An anti-smoking charity boss has issued a warning over tobacco companies using social media to target young people.
Sheila Duffy, chief executive of ASH (Action on Smoking and Health) Scotland, suggested online platforms were being used to “reach out” to Scotland’s youth, which could potentially lead to a new generation of smokers.
However, today, on World No Tobacco Day, Sheila added she is hopeful that young people are making healthier choices and many choose to steer clear of tobacco products.
“I think generally young people these days are growing up and choosing to stay free of tobacco and smoking,” she said.
“However, we have to watch the tobacco companies because some are using social media to reach out to a new generation.
“They are using a range of products including alternative tobacco products, and they are using the kind of marketing and imagery they used for cigarettes and tobacco.
“That is really dangerous because it sets up a nicotine habit, possibly addiction and allows them to keep marketing to these people as they grow up.”
According to ASH Scotland, two-thirds of adult smokers in the UK say they started smoking before the age of 18, while two-fifths say they began before 16.
In a bid to further deter young people from smoking, the legal age for buying cigarettes in Scotland was raised from 16 to 18 in September 2008.
Pushing anti-tobacco back to the top of the agenda
As well as raising the legal age for purchasing tobacco products, the Scottish Government has also introduced new laws to protect children from second-hand smoke, and is aiming to make the country a tobacco free generation by 2034.
Sheila, who was appointed the position of ASH Scotland’s chief executive in 2008, stressed the push on anti-tobacco must continue despite the pandemic.
She said: “The pandemic has really sucked up all the energy and resources, but tobacco continues to be a huge problem and the death rate is massive every year.
“Smoking affects finances, health and people’s loved ones. We really need to push smoking back up to the top of the agenda. We need to act.
“In Scotland there’s still plenty of work to do. Tobacco is not as visible in shops now but it still looks like a normal thing to be buying with bread and milk. It’s actually lethal.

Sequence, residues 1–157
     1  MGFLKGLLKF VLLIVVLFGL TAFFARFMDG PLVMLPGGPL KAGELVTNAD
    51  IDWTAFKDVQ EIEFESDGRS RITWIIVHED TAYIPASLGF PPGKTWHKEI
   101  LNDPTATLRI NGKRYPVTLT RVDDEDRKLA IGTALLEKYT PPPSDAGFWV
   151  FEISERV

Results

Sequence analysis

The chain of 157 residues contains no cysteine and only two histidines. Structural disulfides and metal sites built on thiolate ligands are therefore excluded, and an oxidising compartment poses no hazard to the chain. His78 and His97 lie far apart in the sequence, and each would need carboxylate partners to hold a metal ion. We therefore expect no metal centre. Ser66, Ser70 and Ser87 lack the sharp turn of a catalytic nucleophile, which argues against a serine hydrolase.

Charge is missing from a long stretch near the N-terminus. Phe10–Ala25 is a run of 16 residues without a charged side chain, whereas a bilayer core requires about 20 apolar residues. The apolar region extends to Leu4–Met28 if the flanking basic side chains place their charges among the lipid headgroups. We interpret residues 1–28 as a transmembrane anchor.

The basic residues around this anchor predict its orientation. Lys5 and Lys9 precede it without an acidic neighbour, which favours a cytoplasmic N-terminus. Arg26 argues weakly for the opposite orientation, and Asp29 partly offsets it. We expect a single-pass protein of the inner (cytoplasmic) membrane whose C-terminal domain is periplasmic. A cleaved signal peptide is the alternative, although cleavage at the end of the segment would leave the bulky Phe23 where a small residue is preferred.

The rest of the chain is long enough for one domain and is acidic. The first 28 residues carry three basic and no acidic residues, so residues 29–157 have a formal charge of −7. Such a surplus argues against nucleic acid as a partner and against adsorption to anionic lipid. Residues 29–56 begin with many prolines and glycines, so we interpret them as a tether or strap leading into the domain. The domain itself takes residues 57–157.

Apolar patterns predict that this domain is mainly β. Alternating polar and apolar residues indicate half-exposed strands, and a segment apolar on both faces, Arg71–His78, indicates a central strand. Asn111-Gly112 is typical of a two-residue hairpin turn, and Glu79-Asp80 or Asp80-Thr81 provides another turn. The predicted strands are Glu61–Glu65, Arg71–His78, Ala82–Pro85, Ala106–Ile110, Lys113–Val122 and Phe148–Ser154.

“It creates all kinds of health problems but people don’t see that because it doesn’t have an immediate effect.
“Scotland has been brave and strong in restricting this product and creating healthier environments, and we need that to continue.”
To quit or not to quit?
A review by the World Heath Organisation (WHO) found that smoking could be associated with an increased risk of death in people who need hospital treatment for Covid-19.
NHS Grampian say “anecdotal feedback” from the region suggested many people were motivated to quit smoking throughout the pandemic due to the risks linked to contracting coronavirus.
However, for other smokers, the pandemic cause too much stress and upset leaving them feeling like they were unable to quit.
What are the health risks of smoking?
- It causes around 7 out of every 10 cases of lung cancer (70%). It also causes cancer in many other parts of the body.
- Smoking damages your heart and your blood circulation, increasing your risk of developing conditions such as; coronary heart disease, a heart attack, strokes, peripheral vascular disease (damaged blood vessels) or cerebrovascular disease (damaged arteries that supply blood to your brain).
- Smoking also damages your lungs, leading to conditions such as; chronic obstructive pulmonary disease (COPD).
- Breathing in secondhand smoke, also known as passive smoking, increases your risk of getting the same health conditions as smokers.
An NHS Grampian spokesman said: “Anecdotal feedback from smokers has been for some the pandemic was a time to quit, with fear of Covid-19 and the respiratory effects of smoking being a driver. Also some people were not as able to nip out and get cigarettes etc.
“However, for some it just wasn’t the right time to think about quitting due to the stress of the changing world and their personal circumstances and smoking being a reliever of stress for them.”
Sheila added that while smoking may feel like a stress reliever to some, it is in fact a “false friend”.
“Smoking doesn’t help your stress levels, it actually worsens mental health – it’s a false friend to people that way,” she said.
“People who manage to quit smoking or have never smoked tend to have better mental health wellbeing than those who do smoke.”
Sheila added: “But you can’t blame smokers for using tobacco because they often get pulled into smoking when they are likely young, and formed the habit or became addicted when they didn’t understand the health implications it could have on their lives.”
Smokers looking to quit can seek support by calling the NHS Grampian Healthline on 08085 20 20 30.
Support will be provided over the phone, or people can visit their local pharmacy.